21 Then I saw “a new heaven and a new earth,”[a] for the first heaven and the first earth had passed away, and there was no longer any sea. I saw the Holy City, the new Jerusalem, coming down out of heaven from God, prepared as a bride beautifully dressed for her husband. And I heard a loud voice from the throne saying, “Look! God’s dwelling place is now among the people, and he will dwell with them. They will be his people, and God himself will be with them and be their God. ‘He will wipe every tear from their eyes. There will be no more death’[b] or mourning or crying or pain, for the old order of things has passed away.”

He who was seated on the throne said, “I am making everything new!” Then he said, “Write this down, for these words are trustworthy and true.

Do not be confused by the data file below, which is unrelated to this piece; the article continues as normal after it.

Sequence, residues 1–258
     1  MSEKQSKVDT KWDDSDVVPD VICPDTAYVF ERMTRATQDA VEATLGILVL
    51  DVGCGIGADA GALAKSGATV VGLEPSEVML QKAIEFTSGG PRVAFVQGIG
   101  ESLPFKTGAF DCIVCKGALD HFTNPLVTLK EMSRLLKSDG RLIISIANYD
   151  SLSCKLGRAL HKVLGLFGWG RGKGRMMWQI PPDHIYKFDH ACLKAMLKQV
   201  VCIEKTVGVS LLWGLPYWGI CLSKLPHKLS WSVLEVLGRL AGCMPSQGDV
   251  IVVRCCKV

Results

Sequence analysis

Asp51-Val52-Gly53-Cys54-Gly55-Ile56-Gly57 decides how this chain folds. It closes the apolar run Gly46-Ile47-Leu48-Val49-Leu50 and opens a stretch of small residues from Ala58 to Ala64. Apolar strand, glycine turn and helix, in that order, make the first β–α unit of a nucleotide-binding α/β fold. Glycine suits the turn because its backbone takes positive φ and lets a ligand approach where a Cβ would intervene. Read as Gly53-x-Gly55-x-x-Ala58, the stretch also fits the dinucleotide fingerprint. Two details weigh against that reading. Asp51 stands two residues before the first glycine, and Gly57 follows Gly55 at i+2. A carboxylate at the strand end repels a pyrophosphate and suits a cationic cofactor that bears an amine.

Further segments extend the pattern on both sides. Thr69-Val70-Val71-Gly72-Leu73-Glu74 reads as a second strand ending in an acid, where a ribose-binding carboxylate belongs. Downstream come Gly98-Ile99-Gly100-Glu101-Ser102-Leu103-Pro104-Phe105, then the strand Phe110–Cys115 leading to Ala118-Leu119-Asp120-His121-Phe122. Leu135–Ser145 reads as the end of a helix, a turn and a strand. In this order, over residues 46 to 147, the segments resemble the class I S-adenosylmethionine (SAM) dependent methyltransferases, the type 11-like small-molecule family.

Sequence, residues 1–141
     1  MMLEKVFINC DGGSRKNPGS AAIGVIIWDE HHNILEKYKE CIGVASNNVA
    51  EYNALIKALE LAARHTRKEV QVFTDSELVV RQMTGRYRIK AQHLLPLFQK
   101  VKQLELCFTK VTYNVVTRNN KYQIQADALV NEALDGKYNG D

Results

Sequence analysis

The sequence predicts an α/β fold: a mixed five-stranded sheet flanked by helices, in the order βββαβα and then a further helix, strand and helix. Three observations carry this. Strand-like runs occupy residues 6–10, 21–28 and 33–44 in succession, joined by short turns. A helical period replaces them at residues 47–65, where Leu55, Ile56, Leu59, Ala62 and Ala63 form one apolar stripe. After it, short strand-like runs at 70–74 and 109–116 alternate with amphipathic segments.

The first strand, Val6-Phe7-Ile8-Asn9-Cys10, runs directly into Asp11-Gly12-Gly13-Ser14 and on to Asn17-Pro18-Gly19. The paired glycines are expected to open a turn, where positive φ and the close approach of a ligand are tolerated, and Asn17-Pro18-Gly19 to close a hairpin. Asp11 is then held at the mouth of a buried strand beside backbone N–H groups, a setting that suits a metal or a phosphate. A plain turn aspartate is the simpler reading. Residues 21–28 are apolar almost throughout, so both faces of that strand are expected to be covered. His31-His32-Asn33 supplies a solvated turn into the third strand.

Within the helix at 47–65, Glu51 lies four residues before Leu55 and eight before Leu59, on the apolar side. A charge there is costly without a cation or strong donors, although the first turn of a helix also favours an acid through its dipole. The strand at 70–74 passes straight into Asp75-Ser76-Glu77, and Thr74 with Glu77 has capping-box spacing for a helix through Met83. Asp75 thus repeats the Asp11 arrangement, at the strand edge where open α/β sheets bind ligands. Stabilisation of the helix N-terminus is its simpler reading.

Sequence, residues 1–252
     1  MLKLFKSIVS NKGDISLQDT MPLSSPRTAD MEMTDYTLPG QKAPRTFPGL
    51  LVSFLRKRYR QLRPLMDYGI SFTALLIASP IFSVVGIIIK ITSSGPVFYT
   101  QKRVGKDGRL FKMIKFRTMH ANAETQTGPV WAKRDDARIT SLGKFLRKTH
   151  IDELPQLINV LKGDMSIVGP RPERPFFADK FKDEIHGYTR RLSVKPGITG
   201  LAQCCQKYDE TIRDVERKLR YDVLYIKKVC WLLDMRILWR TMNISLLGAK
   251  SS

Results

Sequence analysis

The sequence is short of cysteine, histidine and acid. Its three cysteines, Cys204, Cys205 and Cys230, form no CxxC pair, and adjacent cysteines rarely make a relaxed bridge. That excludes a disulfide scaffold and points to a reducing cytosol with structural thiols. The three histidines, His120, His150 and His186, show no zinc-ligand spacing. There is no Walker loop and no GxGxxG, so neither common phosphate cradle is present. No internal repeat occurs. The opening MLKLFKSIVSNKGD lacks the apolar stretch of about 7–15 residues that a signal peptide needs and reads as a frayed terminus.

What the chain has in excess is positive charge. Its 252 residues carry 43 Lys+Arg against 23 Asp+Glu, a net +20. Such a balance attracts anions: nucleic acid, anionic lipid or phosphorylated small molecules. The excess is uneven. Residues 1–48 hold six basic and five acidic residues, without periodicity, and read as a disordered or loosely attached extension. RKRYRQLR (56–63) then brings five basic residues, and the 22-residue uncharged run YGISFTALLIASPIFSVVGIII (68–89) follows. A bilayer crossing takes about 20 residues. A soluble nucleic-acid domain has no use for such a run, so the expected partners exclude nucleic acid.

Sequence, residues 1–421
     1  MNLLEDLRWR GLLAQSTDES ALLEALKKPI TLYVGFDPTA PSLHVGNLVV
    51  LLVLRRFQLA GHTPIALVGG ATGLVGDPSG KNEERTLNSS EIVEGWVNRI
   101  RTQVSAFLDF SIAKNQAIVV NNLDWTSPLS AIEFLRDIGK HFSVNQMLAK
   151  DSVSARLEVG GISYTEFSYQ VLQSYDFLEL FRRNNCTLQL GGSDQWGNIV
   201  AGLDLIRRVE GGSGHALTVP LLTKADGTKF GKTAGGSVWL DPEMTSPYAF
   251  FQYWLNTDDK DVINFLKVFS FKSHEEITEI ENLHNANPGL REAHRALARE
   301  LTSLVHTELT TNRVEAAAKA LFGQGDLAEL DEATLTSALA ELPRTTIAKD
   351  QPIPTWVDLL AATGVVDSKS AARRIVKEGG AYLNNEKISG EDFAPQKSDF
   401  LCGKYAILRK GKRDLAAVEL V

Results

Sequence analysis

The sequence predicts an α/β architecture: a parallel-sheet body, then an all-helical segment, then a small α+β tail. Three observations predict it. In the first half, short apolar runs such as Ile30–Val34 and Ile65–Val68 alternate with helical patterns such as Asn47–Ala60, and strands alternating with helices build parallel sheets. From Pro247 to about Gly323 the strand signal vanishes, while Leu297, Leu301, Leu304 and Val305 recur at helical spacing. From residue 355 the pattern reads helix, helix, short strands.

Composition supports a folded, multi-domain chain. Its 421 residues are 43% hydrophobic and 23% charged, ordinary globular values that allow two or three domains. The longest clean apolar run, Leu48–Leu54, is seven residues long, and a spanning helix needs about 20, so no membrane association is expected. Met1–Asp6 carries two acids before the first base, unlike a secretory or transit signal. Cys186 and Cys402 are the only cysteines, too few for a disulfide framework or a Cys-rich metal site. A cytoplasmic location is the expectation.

The key to unlocking these verses, and having a better and more comprehensive understanding of what the text is really saying, lies with the word new.

As we look at the original Greek language we find something very interesting. There are two words that can be used to describe something as new.

The first word is neo and is used to describe something that is new in time. For example, a house that is newly restored to its original condition could never be neo because it is not new in time.

When the house was first built it was neo, but being that it is now something old (archaios) being renewed or restored, it can never be described as neo again. Neo is not the word used in Revelation 21.

The word that is used to describe the new heavens and the new earth is kainos. Kainos also means new, but it is describing something that is qualitatively new or renewed.